from The American Heritage® Dictionary of the English Language, 5th Edition.
- noun The carrying of burdens or goods as done by porters.
- noun The charge for this activity.
from The Century Dictionary.
- noun The business or duties of a porter or doorkeeper.
- noun Carrying; carriage; transportation; porters' work.
- noun The cost of carrying; money charged for porters' services.
from the GNU version of the Collaborative International Dictionary of English.
- noun The work of a porter; the occupation of a carrier or of a doorkeeper.
- noun Money charged or paid for the carriage of burdens or parcels by a porter.
from Wiktionary, Creative Commons Attribution/Share-Alike License.
- noun The
transportationof goodsby a porter
- noun The
chargefor this transportation
from WordNet 3.0 Copyright 2006 by Princeton University. All rights reserved.
- noun the charge for carrying burdens by porters
- noun the transportation of burdens by porters
Sorry, no etymologies found.
Even when the carriage is paid, there is still porterage from the station to the place of delivery, which cannot be prepaid - sixpence, or eightpence, or a shilling, according to the bulk.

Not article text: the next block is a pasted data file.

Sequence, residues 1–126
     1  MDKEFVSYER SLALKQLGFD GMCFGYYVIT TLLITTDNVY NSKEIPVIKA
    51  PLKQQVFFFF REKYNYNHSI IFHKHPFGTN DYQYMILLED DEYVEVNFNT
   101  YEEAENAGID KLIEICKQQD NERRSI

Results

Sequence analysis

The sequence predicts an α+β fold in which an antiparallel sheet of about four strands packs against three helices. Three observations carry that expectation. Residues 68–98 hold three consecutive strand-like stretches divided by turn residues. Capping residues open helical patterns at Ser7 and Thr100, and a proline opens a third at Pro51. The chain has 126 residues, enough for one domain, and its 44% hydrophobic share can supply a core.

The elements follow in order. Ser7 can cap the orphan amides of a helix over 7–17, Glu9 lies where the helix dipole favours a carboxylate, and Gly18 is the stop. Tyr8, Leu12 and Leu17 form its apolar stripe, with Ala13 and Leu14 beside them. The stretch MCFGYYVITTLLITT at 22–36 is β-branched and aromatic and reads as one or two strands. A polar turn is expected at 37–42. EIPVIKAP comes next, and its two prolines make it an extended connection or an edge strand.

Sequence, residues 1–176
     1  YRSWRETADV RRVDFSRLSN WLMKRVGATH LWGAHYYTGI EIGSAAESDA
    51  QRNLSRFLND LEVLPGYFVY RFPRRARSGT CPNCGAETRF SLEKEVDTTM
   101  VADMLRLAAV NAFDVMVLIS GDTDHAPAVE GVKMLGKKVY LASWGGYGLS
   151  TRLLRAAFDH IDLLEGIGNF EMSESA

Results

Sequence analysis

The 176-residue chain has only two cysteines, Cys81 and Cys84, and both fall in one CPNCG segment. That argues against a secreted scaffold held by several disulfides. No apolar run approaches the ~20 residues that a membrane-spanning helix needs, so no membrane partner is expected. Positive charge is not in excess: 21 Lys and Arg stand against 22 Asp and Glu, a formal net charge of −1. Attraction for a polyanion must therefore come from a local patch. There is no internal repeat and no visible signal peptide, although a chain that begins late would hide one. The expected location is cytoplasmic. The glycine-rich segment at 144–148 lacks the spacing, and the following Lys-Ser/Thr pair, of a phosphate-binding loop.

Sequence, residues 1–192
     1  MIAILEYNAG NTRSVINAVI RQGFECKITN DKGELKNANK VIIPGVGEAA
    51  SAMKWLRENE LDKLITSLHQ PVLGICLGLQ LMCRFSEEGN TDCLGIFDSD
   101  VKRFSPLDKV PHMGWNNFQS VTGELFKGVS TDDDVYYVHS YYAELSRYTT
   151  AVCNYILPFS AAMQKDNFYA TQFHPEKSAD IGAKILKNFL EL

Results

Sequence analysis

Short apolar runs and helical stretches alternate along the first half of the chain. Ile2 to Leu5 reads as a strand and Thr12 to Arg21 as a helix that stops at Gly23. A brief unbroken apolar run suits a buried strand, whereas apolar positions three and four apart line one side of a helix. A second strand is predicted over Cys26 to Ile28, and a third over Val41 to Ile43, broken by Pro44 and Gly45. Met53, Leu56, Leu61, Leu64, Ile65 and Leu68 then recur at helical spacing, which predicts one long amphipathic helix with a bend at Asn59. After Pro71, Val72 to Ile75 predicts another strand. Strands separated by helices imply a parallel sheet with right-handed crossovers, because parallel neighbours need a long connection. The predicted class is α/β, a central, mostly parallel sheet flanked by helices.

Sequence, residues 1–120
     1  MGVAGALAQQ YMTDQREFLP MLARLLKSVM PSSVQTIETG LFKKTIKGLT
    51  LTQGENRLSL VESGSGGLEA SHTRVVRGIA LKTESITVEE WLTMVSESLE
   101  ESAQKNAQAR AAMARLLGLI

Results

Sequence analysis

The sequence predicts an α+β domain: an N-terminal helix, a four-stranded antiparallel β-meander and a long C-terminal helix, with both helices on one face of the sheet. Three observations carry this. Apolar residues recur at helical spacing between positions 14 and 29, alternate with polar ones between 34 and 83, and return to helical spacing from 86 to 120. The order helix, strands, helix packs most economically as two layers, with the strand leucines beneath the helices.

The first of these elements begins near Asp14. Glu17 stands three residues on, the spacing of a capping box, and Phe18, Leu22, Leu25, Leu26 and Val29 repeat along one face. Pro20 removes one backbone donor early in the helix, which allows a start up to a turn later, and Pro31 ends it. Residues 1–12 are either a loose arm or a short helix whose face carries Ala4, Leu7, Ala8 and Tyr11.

Because of the porterage problems, they had to abandon their boat along the way and could only look on from the shore.
The man who plunders is no longer a man, he is a machine for porterage, and all who list may treat him as a slave.
Further, let us get rid of all superfluous baggage, save only what we require for the sake of war, or meat and drink, so that as many of us as possible may be under arms, and as few as possible doing porterage.
And I set her there in her favourite place, by the sweet-scented wood-fire; and she paid me porterage without my even asking her; and for all the beauty of the rain, I was fain to stay with her; until our
It was already beyond maternal porterage, and Caddles, staggering indeed, but grinning triumphantly at quantitatively inferior parents, bore it back to the free-sitting occupied by his party.
When Skinsky had come to him, he had taken him to the ship and handed over the box, so as to save porterage.
The demands for porterage were so exorbitant next morning, that we set out on foot under the guidance of Tom Peter.
Like the other men in the house, he knew of the carrying to and fro of the great chest, and had got it into his head that the care exercised in its porterage indicated that it was full of treasure.
Young boys skipped around us like tadpoles, offering porterage, Chiclets, hotels, cars, their sister, anything our foreign hearts desired.